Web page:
Recently I was at a family barbecue on a cold grey afternoon (just how we’ve grown to love them in the UK). My partner’s sister, her husband and their son were all wearing Apple Watches. After I got over my deeply hidden inferiority complex, I asked them, “so what do you think of it?”, I expected them to be non-plussed about it. I thought to myself, this is going to be really interesting, after all I have been toying with getting one since seeing the Keynote on the Apple website. The responses from all three of them were startlingly positive especially when you take into account that two of them are over 60.
When I questioned a little further, the factor that resonated was the fact that they loved the way it enables them to own their health. At the heart of the watch is Apple’s heart rate monitor which feeds data into the Health app. The ease with which one can manage one’s own health in such a non-invasive way is undeniably impressive. I was shown the Health App UI (which I admit I loved) and then given the pitch by their son (my future nephew in law), who is something of an Apple aficionado having created the Night Sky app which has had over 5 million downloads across the globe.
I found myself wondering whether outside of the Health app, the size of the watch could really lead to any other engaging uses or was the screen just too small. Right now it may seem trivial, but consider this. Would you buy one if you could use it, independently of your iPhone and conduct FaceTime calls on it? Throw in contactless payment and the ability to make and receive voice calls and all of a sudden the use case becomes somewhat more compelling, doesn’t it? What about texting, I hear you ask. “How about texting through Siri?” you hear me reply.
Maybe it’s the game plan for Apple to condition its loyal customer base to migrate to this smaller real estate with a view to one day doing away with the iPhone (I heard the collective gasp). I want to point out this is just my hunch for the time being. If their strategy is working, consider this: it took Apple 74 days to sell one million iPhones. It took 28 days to sell one million iPads. Apple hit the one million milestone for sales of the Apple Watch on the first day of pre-orders and is now in the range of several million. No more charging an iPhone and an Apple Watch and then, when you need a real screen, you reach for the iPad anyway, right?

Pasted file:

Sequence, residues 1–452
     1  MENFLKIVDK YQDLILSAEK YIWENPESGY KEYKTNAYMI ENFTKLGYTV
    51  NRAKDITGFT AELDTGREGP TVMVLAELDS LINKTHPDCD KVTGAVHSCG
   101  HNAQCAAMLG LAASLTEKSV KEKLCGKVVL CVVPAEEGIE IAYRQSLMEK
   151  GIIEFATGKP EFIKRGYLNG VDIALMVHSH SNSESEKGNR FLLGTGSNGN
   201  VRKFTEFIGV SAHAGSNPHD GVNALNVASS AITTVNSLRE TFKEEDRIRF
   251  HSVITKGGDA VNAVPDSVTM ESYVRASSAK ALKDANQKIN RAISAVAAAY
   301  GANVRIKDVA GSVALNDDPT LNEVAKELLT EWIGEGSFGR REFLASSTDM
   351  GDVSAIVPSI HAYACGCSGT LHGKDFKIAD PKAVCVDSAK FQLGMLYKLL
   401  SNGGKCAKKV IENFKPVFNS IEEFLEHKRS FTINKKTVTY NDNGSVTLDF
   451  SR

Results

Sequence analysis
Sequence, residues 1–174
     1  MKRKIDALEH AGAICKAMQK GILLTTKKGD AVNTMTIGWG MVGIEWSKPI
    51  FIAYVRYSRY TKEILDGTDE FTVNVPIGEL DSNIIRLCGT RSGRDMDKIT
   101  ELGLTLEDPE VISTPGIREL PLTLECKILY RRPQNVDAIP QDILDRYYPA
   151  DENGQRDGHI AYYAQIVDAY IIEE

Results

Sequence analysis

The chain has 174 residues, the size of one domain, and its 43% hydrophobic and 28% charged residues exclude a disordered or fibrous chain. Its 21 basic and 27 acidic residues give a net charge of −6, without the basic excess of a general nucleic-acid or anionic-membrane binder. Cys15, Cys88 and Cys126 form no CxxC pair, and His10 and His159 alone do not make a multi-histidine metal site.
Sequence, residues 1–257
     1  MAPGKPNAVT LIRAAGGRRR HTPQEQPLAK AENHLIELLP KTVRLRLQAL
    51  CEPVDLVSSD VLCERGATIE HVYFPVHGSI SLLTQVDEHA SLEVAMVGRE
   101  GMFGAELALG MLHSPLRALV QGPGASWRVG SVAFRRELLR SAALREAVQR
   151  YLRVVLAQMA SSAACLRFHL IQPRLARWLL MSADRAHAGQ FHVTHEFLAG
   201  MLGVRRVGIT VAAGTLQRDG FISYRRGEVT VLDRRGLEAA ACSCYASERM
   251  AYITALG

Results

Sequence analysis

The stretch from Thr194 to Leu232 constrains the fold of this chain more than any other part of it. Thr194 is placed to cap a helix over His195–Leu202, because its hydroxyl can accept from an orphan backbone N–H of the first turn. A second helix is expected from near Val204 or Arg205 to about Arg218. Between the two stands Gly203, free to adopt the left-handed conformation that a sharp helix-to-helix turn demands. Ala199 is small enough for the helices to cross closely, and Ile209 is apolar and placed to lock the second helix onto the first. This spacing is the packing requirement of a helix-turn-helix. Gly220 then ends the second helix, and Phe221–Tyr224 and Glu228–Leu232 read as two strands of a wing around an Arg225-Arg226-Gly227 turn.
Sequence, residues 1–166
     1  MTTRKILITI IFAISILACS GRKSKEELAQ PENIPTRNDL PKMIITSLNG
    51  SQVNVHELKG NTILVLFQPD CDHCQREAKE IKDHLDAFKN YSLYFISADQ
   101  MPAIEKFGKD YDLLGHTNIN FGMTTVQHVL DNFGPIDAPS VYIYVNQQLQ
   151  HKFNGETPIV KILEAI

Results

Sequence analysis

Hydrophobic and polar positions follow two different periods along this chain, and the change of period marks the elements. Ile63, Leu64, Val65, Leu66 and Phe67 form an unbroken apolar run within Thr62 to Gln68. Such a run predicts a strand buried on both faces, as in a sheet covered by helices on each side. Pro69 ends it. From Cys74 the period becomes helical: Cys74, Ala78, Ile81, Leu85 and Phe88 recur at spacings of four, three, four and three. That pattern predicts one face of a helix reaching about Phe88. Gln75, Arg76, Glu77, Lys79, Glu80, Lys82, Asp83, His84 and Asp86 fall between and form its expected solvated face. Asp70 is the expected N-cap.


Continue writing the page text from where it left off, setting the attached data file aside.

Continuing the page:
Apple Watch has lit the blue touch paper of imagination with app developers far and wide seeking to create ingenious apps on this new technological milestone. Now imagine when the advert is shown. An almost tearful parent having a FaceTime call on her Apple Watch with her precious child who is hundreds of miles away, just started University and in need of money. The moolar is despatched (wirelessly of course) across the ether straight to her Apple Watch which is all she needs to pay for stuff (contactlessly, of course).
As for why my relatives (again, in their 60s) love their Apple Watche - that’s simple. Partially as I have learnt, as you get older, managing your health and its exponential importance to helping stay alive is quite important (that doesn't mean I am doing a good job of it). Being able to use a gadget that you wear and letting it do the managing for you is nirvana. Having the Kudos of wearing said gadget is, undoubtedly, a bonus. Additionally, it’s unkind to assume that only the young like or want tech.
I believe the success of Apple Watch and its adoption is going to be incomparable. The current version is just the beginning, the real fun will begin when new functionality, like I mentioned above, is built into it. All you have to decide now, as a brand, is how you plan to leverage it because just like your friends and loved ones, customers will be wearing it. Yes, I know other watches and wearables will come on-stream and are out there, BUT as we all know, no one does desirability and marketing quite like Apple.